Tributes paid to Arsenal coach Pat Rice who quits after 44 years
Arsène Wenger paid tribute yesterday to Pat Rice, who is stepping down as his assistant manager and will be replaced by the former defender Steve Bould. Rice has worked for Arsenal for 44 years but will leave at the end of the season.
"It's difficult to measure," Wenger said of Rice's contribution to the club. "He's just been tremendous. It's a sad, sad, sad day. His life was linked with Arsenal and Arsenal have been privileged to have him as a player, a captain, a coach, and personally I'm very grateful for his contribution to my period here."
Rice has been assistant manager throughout Wenger's tenure, having previously been a caretaker manager, a youth coach, and a player from 1966 to 1980. "I would like him to forgive me the bad moments I've given him as well," Wenger continued. "He's been a constant, loyal supporter. I'm just very grateful and privileged to have had him at my side for such a long time."
The new assistant manager will also be a man who was a successful Arsenal player. Bould played 11 seasons at Arsenal, including for Wenger's Double-winning side in 1997-98. He has spent the last few years coaching Arsenal's Under-18s, and Wenger said that such continuity was important.
"His qualities are that he has experience of top-level football," Wenger said of Bould. "He has managed here, he knows our football philosophy. So there'll be continuity. He's coached here at the club and we want to give advantage to people at the club who know how we work and know how to coach."
Wenger would not describe the change as a new era at the club, though. "One coach doesn't make a new era," he said. "It is the team and the players. We have to make all those things right. What is important is that we make all those things right. Good players on the pitch make a good team."
Arsenal's last game of the season is at West Bromwich Albion on Sunday and if they win they will secure third place and automatic Champions League qualification, but any thing less and they risk being pushed down to fourth place or even fifth, by Tottenham Hotspur and or Newcastle United.
The situation echoes what happened six years ago when Arsenal and Spurs were competing for the final Champions League berth. Spurs lost 2-1 to West Ham United that day, with many of their players afflicted by a mystery illness. It came to be known as "lasagnagate": Tottenham's failure was attributed to food poisoning, although tests did clear the hotel kitchen and found instead that one of the Spurs players had gastro-enteritis.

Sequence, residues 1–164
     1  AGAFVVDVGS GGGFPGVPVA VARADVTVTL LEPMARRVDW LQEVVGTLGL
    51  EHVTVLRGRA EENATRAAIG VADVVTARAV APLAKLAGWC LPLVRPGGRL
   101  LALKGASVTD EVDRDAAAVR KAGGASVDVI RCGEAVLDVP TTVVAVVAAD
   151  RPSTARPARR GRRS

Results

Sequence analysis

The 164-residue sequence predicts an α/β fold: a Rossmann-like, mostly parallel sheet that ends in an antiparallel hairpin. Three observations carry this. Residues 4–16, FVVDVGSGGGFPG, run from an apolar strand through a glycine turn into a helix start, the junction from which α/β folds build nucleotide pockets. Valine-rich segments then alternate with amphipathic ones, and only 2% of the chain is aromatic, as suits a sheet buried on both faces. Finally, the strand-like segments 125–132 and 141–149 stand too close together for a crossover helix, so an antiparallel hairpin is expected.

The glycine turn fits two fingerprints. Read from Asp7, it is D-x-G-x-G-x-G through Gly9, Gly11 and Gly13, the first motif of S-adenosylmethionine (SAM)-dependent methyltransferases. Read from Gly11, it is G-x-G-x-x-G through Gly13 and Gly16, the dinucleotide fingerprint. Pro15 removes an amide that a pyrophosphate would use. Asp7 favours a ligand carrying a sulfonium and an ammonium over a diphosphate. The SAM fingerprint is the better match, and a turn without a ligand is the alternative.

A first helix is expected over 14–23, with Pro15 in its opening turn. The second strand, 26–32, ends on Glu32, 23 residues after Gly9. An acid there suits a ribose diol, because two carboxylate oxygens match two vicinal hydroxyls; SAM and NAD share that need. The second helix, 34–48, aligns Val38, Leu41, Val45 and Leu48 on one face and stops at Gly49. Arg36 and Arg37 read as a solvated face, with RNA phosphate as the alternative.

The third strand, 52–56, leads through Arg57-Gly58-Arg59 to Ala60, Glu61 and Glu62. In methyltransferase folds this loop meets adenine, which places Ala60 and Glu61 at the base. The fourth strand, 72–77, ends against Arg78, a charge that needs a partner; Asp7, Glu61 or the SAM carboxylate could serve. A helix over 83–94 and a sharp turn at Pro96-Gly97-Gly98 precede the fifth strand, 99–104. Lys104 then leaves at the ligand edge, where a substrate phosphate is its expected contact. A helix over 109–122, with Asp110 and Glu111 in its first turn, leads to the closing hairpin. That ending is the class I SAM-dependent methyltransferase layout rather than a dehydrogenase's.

Wenger joked yesterday that if he had been preparing the Tottenham players' food the previous evening the problems would have been worse. "Frankly, I didn't know what happened," he said. "I didn't cook that day. If I had cooked more than three players would have been ill."
The reason are Arsenal are not home and hosed in the Champions League qualification race is because they have taken just three points from their last four games, which included a surprising home defeat to Wigan Athletic and a 3-3 draw with Norwich. Rather than feeling frustration at their position, though, Wenger is pleased with how Arsenal have fought back, having been 10 points behind Spurs in February.
"Ask our opponents, who were 10 or 15 points in front of us," Wenger said when asked if he was disappointed not to have Champions League football confirmed. "Three months ago, everybody would be happy to go into the final game with this. The Premier League is difficult. We came from a deep position in the league but, if you look at the way we've played to be where we are today, it's remarkable."
"If you were in my position," Wenger said, "you'd say you have an opportunity to secure third place and you want to take it. We'll face the consequences of what happens after. We're switched on. If we win the game, we don't need to look at anything else. I won't have my radio switched on."
Wenger hoped that Arsenal's big-game experience would ensure their success. "We have known final days like this," he said. "Games where we've played for championships, or qualifying for the Champions League. It's a fantastic opportunity for us, one we want to take. We are used to coping with that. At the end of the day, it's playing football. If we have more of the ball than West Brom, we'll have more chances to win the game. That's what we'll focus on."
The game will be Roy Hodgson's last as West Bromwich manager, and Wenger acclaimed the new England manager. "They're well organised," he said. "They play 4-4-2 very well. He has stabilised West Brom."